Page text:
Democrats and Governor Inslee push bill that would force newly freed caregivers back into union

Democrats and Governor Inslee push bill that would force newly freed caregivers back into union

Democrats and Governor Inslee push bill that would force newly freed caregivers back into union

The first full day of floor action in the Washington State Senate culminated in an hours-long fight stretching into the early morning hours over a bill that would restructure the working arrangements for thousands of Medicaid-paid home healthcare providers for no other reason than to force them back into a labor union from which many had only recently escaped.

Since the U.S. Supreme Court’s 2014 decision in Harris v. Quinn, Washington’s 35,000 individual providers (IPs) — considered public employees for the sole purpose of unionization under state law — have been able to choose for themselves whether to join a union and pay dues.

Senate Bill 6199 would strip of them of that right and once again make union participation a condition of employment by directing the Department of Social and Health Services (DSHS) to contract with a private vender — called a “consumer directed employer” — to take over aspects of the individual provider program’s administration.

Under the legislation, IPs would become employees of the private contractor rather than the state and the patient-client.

The subtle-sounding change would remove them from the protections of the Harris decision and place them under the National Labor Relations Act, which permits employees in states without right-to-work protections, such as Washington, to be required to pay dues or fees to Service Employees International Union 775 as a condition of employment.

The measure was introduced by Sen. Annette Cleveland (D-Vancouver) at the request of DSHS and Gov. Jay Inslee — who counts organized labor in general and SEIU 775 in particular among his most prolific campaign donors.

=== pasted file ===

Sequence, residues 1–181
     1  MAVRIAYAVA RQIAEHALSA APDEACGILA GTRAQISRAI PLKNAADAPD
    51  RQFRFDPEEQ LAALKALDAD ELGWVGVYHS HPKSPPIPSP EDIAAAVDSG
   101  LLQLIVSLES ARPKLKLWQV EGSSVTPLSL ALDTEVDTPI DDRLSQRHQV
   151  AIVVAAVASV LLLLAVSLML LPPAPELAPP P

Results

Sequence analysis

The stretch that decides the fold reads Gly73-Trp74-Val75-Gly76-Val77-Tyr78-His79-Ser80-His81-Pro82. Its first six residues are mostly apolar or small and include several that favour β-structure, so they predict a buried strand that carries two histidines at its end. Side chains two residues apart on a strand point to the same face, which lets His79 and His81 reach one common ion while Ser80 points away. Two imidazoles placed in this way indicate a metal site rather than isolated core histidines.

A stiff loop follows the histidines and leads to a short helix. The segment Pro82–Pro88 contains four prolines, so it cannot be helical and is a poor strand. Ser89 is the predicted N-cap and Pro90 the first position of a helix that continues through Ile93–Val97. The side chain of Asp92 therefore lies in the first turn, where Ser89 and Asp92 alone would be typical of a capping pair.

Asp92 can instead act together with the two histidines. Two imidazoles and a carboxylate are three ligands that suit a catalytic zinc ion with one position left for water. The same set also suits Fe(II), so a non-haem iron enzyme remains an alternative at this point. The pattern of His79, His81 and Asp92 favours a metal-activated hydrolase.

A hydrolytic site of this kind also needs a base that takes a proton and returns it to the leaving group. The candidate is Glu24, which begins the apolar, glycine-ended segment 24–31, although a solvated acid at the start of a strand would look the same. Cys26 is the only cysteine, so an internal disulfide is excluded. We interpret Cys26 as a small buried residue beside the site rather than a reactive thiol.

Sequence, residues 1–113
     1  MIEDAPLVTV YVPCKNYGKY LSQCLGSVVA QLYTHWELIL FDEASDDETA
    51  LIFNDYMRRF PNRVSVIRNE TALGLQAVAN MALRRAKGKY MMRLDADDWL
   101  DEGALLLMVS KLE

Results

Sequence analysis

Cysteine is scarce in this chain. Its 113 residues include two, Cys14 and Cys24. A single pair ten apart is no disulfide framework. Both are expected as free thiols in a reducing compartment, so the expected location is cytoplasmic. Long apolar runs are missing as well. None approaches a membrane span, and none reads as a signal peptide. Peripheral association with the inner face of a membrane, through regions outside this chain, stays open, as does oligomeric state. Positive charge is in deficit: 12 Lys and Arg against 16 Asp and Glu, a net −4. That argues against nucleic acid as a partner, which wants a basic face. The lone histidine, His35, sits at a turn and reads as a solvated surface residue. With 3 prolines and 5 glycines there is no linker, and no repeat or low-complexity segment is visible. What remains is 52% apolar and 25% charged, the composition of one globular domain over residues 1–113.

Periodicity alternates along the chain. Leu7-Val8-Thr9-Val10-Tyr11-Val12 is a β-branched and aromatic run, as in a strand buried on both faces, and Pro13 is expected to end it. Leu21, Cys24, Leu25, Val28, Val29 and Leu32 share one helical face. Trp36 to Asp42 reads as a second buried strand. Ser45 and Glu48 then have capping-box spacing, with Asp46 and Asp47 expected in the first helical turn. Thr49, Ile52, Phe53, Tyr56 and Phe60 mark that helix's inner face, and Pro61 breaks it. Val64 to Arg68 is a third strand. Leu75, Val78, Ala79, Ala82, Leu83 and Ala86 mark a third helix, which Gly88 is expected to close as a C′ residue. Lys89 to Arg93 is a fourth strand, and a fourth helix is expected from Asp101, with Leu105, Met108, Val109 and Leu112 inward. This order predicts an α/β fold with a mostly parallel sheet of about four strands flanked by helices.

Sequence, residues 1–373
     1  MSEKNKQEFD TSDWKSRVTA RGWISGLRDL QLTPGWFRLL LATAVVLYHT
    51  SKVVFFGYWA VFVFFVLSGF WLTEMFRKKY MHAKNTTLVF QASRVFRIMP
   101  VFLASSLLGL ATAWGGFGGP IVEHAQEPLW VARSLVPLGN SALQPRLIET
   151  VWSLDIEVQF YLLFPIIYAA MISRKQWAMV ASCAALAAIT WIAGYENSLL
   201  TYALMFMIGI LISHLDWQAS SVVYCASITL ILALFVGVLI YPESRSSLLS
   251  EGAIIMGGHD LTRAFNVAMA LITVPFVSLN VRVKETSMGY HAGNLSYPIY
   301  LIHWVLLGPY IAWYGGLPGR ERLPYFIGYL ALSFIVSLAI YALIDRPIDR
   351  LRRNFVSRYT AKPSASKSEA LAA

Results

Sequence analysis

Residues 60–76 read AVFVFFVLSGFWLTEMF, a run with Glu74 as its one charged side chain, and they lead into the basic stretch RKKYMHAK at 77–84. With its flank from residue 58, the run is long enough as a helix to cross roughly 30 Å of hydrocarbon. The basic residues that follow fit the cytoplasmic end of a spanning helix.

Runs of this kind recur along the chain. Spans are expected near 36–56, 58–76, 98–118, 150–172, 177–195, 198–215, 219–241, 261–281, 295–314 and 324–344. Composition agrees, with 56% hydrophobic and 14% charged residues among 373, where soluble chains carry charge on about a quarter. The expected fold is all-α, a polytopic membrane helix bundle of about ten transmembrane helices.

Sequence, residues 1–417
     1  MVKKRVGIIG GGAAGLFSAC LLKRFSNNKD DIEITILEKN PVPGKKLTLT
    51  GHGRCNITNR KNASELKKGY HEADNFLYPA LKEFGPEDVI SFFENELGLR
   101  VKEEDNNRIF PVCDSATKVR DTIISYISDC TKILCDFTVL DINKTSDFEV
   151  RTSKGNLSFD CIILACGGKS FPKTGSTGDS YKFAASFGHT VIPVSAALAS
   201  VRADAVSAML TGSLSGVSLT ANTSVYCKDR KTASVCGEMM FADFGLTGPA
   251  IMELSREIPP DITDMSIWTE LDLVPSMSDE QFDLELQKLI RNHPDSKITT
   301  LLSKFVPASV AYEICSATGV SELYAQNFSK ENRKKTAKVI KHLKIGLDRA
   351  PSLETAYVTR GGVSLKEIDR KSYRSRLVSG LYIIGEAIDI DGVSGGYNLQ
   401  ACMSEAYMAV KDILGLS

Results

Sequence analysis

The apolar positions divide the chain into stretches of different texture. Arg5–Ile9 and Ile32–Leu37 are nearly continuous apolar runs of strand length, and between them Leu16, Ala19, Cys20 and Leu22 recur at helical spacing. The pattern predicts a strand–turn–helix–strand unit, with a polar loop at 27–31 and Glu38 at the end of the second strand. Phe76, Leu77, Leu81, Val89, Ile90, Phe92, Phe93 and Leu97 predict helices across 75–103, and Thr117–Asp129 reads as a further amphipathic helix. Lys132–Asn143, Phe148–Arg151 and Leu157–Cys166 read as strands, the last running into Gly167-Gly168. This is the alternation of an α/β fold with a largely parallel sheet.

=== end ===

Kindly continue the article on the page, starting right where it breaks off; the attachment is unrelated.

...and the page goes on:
While DSHS argues the bill is an attempt to streamline the program, it’s actually projected to cost the state tens of millions of dollars.

More to the point, in a letter to the Senate Health and Long-Term Care Committee, DSHS Assistant Secretary Bill Moss conceded the bill would permit SEIU 775 to again require IPs to pay union dues under a “closed-shop” arrangement.

Public records obtained by the Freedom Foundation reveal SEIU has sought such a change in IPs’ employment status since before the Harris decision. A memo prepared for Gov. Jay Inslee by the Office of Financial Management in advance of a June 2014 meeting between Inslee and SEIU 775 president David Rolf indicated one way for the union to work around Harris would be to have the state “contract with an outside entity to run the homecare system, making IPs private-sector employees.”

The 2018 legislative session is the first time Democrats have had unified control of state government since Harris, and is the first time such legislation has been introduced.

In a newsletter released this week, Sen. John Braun (R-Centalia) called SB 6199, “…the most disingenuous and cynical bill in Olympia,” while the Seattle Times editorial board urged legislators not to “cave to in-home care union.”

Debate on SB 6199 began Wednesday night around 10 p.m. and lasted until approximately 12:30 a.m. Senate Republicans proposed a series of amendments to the bill, including: